HOPE — Locating old burial sites with modern radar technology could cost taxpayers in Hope close to $10,000.

The quote requested by town sexton Beth Gindel from Topographix of Hudson N.H. will trigger one of three decisions by the select board, possibly as early as its Tuesday, Jan. 10 meeting.

The board can accept the entire quote and work the expense into the next fiscal year budget or put the matter to a vote at a town meeting, according to town administrator Samantha Mark. In either case, work would not begin until May.

A third option would be to decline to undertake the cemetery project.

“They just have to decide,” Mank said of the board.

The matter is important because the site in question, Morey Hill Cemetery, has been closed to new burials for about three years, ever since Gindel discovered that a 2013 interment was very near or on an old burial site whose existence had vanished from view. It was the graveyard’s last burial and Hope continues to lose the revenues they generate for cemetery upkeep.

Lots at Morey Hill cost $450. Of that, 30 percent goes into the Perpetual Care Fund as required by state law and the rest into the general maintenance fund, according to Gindel.

Since taking over the position in 2019, Gindel’s prodding of the earth in the nearly 200-year-old cemetery has turned up more than 30 old and long-unmarked grave sites. She believes many more might be hidden from site due to the effects of poor past maintenance, vandals and decay.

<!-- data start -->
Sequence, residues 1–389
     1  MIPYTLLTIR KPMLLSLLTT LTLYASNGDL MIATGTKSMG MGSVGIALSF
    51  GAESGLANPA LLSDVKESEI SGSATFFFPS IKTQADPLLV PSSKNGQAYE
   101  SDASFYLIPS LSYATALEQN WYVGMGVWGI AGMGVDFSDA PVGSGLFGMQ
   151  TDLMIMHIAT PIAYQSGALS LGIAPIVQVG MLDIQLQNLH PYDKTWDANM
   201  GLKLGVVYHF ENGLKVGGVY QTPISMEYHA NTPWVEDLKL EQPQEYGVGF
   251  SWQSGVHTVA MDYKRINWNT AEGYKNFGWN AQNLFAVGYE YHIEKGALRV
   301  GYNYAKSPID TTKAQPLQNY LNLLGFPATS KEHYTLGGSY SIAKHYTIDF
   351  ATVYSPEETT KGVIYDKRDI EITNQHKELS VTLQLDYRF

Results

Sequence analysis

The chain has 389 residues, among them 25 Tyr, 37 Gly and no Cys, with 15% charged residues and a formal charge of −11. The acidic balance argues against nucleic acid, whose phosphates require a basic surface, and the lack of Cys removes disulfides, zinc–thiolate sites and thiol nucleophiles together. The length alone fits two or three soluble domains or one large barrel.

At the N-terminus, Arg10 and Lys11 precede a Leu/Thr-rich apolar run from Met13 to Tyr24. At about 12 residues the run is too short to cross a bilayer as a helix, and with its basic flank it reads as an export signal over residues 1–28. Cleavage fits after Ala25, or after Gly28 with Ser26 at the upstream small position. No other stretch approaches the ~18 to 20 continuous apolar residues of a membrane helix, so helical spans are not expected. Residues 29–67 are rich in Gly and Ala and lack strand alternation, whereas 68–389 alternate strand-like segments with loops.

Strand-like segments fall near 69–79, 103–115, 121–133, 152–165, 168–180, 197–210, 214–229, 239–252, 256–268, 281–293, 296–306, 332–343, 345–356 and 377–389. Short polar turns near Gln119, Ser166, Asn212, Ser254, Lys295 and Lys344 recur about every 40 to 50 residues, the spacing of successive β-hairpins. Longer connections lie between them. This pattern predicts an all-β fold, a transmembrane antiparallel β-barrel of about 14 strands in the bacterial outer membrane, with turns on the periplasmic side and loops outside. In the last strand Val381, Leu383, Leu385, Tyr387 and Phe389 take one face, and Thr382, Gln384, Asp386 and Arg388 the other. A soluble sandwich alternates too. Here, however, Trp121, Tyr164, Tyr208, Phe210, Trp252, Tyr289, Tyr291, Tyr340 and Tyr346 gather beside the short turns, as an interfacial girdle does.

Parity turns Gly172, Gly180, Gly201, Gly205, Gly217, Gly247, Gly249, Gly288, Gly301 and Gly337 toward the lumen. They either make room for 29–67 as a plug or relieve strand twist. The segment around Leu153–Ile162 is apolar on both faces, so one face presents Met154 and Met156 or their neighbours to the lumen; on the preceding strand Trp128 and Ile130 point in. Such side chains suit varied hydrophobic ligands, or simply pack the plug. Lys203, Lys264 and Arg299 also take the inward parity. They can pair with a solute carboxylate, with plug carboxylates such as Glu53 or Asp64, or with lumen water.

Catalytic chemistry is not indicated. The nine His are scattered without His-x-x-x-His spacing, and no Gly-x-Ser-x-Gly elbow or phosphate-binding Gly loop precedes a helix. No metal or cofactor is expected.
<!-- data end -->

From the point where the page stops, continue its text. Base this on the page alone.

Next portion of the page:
In September, Gindel sought and received select board approval to explore the use of Ground Penetrating Radar to identify unmarked graves, and later received the go-ahead to seek a bid from the New Hampshire GPR firm, the closest to Hope.

 

Sexton Beth Gindel believes Ground Penetrating Radar will answer a lot of questions. Photo by Jack M. Foley

Results could push things in two different directions, however, she said. “Having the GPR done in the cemetery will allow us to see if there is a potential to open the cemetery back up for new burials, but we may find out that there is no more space available,” she said. “The revenue generated by sales of lots is minimal to say the least.” Indeed, since the cemetery was closed to burials, Gindel has had only one inquiry about a lot purchase.

As for the quote, it includes an option for a possibly lower cost. “Given the travel time and location from our base in Hudson NH and your cemetery location in Hope ME, it might be more cost-effective to hire a local company to perform field mapping and drafting services,” Topographix owner Robert W. Perry wrote in the quote letter.

He was referring to the three types of work needed to do the job and that are separately listed in his quote: ground penetrating radar at $4,645; robotic field mapping at $1,945 and drafting services at $3,159. The total bid for all three is $9,740 if Topographix does all the work.